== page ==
11.Display candles on high shelves, and use fireplace screens to avoid singed whiskers and painful burns.

12.Tuck cords out of reach. Bored dogs and teething pups often get electrocuted when they chew them.



Preparing Pets For Cold Weather

Without protection from the elements, dogs can develop frostbite or hypothermia -- a potentially deadly condition that may occur if their temperature drops even a few degrees. At the very least they can be cold and miserable – or even have ice balls form between their toes.

With a few simple precautions you can keep your pets cozy no matter what winter throws your way -- and even save their lives should they accidentally spend too much time in the bitter cold.

1. Perhaps the most important consideration for preparing your pet for winter is nutrition. Outdoor pets in particular require more calories in the winter to generate enough energy to cope with cold. A high quality nutritionally balanced diet is adequate to meet these increased demands, therefore most pets will not require supplementation with vitamins. In addition to a good diet, fresh water should be offered several times a day.

Indoor pets may actually require less food in the winter since they tend to be less active. Play periods and walks should be continued, but geriatric dogs, short-haired dogs, and those with health problems should wear a sweater on cold days.

2. Outdoor pets also require housing during cold weather. The shelter should be elevated, insulated, wind- and watertight. The shelter should not be so large that they cannot preserve their body heat. Bedding should be kept clean and dry.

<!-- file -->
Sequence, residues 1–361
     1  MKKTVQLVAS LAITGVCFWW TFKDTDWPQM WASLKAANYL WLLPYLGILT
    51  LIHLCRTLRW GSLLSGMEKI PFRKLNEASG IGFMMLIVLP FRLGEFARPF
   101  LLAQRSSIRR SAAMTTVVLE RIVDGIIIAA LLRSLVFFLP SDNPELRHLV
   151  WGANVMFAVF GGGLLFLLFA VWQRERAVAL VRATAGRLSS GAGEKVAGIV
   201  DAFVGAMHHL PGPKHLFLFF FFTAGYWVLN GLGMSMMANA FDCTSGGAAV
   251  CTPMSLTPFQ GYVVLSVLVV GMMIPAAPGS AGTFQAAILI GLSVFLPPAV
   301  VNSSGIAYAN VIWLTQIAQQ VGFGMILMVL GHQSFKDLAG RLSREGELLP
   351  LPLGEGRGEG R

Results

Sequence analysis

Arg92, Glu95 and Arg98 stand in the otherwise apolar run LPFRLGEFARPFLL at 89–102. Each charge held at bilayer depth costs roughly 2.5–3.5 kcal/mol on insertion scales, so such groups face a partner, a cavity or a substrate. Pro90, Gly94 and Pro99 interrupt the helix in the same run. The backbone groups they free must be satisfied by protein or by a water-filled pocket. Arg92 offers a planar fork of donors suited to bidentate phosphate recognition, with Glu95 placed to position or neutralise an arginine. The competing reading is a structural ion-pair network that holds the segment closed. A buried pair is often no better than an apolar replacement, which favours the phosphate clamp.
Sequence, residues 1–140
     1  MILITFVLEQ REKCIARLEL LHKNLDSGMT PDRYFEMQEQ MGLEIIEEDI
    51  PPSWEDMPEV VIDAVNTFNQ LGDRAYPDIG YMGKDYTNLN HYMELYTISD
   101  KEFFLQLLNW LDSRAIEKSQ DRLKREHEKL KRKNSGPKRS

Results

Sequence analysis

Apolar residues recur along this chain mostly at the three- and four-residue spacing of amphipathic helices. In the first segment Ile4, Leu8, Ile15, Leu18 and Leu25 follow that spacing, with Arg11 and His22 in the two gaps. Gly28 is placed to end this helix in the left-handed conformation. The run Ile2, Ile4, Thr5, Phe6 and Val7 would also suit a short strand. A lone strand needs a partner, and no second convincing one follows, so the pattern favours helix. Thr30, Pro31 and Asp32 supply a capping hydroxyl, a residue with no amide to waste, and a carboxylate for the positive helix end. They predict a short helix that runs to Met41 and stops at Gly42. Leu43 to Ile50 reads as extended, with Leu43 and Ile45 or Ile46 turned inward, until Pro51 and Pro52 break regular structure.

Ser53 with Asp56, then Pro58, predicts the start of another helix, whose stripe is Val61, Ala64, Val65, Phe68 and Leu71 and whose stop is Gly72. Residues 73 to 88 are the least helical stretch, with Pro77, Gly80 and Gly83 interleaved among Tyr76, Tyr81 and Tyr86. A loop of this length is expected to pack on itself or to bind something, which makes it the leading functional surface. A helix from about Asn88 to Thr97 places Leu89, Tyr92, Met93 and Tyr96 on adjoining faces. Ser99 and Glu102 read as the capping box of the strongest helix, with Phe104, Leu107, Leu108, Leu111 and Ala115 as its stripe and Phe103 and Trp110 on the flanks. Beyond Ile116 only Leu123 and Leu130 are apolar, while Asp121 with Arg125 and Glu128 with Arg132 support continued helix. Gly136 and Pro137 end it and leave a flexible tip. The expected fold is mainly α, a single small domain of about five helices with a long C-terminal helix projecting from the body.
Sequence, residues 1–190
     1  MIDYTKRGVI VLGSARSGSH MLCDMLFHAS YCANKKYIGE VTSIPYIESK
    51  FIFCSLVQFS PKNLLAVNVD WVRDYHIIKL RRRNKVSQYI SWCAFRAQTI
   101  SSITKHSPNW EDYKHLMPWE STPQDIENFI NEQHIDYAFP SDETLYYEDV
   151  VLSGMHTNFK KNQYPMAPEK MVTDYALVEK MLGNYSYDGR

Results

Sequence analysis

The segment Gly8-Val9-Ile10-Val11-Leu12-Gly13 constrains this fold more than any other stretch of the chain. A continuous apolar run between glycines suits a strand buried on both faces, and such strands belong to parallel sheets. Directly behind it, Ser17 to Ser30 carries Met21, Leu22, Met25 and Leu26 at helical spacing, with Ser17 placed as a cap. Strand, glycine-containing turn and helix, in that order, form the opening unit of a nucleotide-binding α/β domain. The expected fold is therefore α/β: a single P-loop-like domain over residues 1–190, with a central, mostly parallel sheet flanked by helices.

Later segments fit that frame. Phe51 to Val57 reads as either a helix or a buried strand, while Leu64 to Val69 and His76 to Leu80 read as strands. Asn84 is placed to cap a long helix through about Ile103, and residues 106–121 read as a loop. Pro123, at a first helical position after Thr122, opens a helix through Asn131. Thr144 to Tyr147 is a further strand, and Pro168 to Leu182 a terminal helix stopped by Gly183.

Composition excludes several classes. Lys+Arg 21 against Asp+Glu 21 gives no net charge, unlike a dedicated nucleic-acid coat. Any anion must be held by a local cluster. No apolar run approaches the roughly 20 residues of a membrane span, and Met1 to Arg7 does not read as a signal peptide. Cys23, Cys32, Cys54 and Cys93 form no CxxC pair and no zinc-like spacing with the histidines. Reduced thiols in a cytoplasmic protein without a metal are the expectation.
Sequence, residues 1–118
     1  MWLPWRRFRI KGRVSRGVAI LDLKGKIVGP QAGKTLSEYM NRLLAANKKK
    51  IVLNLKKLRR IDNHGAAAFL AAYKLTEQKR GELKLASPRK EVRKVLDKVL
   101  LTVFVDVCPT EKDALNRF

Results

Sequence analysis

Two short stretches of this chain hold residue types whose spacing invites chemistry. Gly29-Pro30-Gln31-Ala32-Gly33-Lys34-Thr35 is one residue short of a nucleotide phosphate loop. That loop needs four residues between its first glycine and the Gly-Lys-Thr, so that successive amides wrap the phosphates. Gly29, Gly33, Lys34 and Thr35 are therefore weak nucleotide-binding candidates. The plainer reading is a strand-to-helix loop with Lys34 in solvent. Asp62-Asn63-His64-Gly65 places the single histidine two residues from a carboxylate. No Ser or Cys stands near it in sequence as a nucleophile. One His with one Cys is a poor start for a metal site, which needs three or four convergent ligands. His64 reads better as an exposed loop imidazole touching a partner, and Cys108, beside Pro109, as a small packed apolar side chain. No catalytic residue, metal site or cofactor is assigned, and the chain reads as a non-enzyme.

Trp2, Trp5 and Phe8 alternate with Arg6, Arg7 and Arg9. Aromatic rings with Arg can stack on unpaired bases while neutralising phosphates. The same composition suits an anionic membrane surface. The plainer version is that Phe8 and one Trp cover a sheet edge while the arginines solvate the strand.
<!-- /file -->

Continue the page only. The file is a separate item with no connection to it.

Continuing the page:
3. If you have a short-haired dog outside, consider a sweater for any long exposure to the elements.

4. Shivering is the earliest indication your dog is too cold. As hypothermia progresses, the dog becomes lethargic and weak, and its gums may turn pale or bluish.

5. Frostbite is dangerous because it normally goes unnoticed beneath fur. It affects ears, feet, tail, scrotum and mammary glands. After the initial numbness, pain and skin sloughing may occur.

6. Don't leave your dog outdoors after cold-weather exercise. Dry your dog off and bring it indoors and let it rest and get warm.

7.  Antifreeze is extremely toxic. Store antifreeze where it cannot be reached by pets and/or children. If you suspect that your pet has ingested antifreeze, do not wait for symptoms...get your pet to your veterinarian immediately.

8. Another winter hazard to pets is road salt.  After a snow, light or heavy, they spread salt all over the road.  When you take your dog out for a walk watch out for the road salt when ever possible.  If you can use the side walk that would help greatly.  If not, once you get home, you should check if their paws have salt stuck in between their pads.  After that you should wipe their paws, and make sure they do not lick them! (Road salt can be toxic.)